New research from Hong Kong suggests that green tea may protect against eye diseases such as glaucoma because the researchers found green tea antioxidants called catechins present in various tissue structures in the eyes of laboratory rats after they had ingested green tea.
The researchers, based at Hong Kong Eye Hospital, Kowloon, and the Prince of Wales Hospital, Shatin, in the New Territories, Hong Kong, have written about their findings in a paper that appeared in the 10th February print issue of the American Chemical Society’s bi-weekly Journal of Agricultural and Food Chemistry.
Green tea contains catechins which belong to the family of antioxidants that includes vitamin C, vitamin E, lutein, and zeaxanthin and is well-known for its disease-fighting properties.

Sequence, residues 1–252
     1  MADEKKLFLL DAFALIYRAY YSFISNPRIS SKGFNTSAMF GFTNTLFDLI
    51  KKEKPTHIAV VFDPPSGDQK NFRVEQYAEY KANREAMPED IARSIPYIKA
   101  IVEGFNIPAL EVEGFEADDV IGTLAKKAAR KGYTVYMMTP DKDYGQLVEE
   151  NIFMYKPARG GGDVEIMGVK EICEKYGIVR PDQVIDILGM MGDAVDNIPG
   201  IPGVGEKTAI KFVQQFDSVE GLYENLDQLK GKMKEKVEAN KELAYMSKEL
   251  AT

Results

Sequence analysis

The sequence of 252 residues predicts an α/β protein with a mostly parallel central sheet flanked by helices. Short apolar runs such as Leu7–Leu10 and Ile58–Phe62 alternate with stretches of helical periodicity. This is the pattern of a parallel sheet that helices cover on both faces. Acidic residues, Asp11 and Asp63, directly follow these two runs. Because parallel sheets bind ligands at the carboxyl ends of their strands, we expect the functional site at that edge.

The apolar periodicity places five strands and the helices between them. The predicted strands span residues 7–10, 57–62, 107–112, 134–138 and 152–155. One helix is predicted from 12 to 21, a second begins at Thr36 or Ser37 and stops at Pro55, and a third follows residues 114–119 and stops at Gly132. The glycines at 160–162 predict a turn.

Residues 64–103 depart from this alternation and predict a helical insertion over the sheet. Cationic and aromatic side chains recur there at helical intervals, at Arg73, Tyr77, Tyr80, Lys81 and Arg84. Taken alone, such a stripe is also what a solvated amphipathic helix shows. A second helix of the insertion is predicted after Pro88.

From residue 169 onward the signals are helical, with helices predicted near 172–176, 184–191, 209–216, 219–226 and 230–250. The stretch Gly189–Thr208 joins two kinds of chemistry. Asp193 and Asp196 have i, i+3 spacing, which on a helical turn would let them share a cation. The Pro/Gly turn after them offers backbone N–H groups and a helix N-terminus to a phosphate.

Until this study, however, nobody knew if green tea catechins actually passed from the stomach and gastrointestinal tract into the tissues of the eye.
For their investigation Dr Chi Pui Pang, of the Hong Kong Eye Hospital, and colleagues examined the eyes of dead rats that had been fed green tea extract for varying amounts of time.
When they examined the cornea, lens, retina, choroid-sclera, vitreous humor, and aqueous humor, they found evidence that these various eye structures had absorbed singificant amounts of individual catechins.
For example, the retina absorbed the highest levels of gallocatechin and the aqueous humor absorbed epigallocatechin.
They also found that the time of maximum concentration of the catechins varied from 0.5 to 12.2 hours and their effects in reducing harmful oxidative stress in the eye lasted for up to 20 hours after consumption.
Chi Pui Pang and colleagues concluded that:
“Our results indicate that green tea consumption could benefit the eye against oxidative stress.”
However, more studies are needed to verify the same effects occur in humans.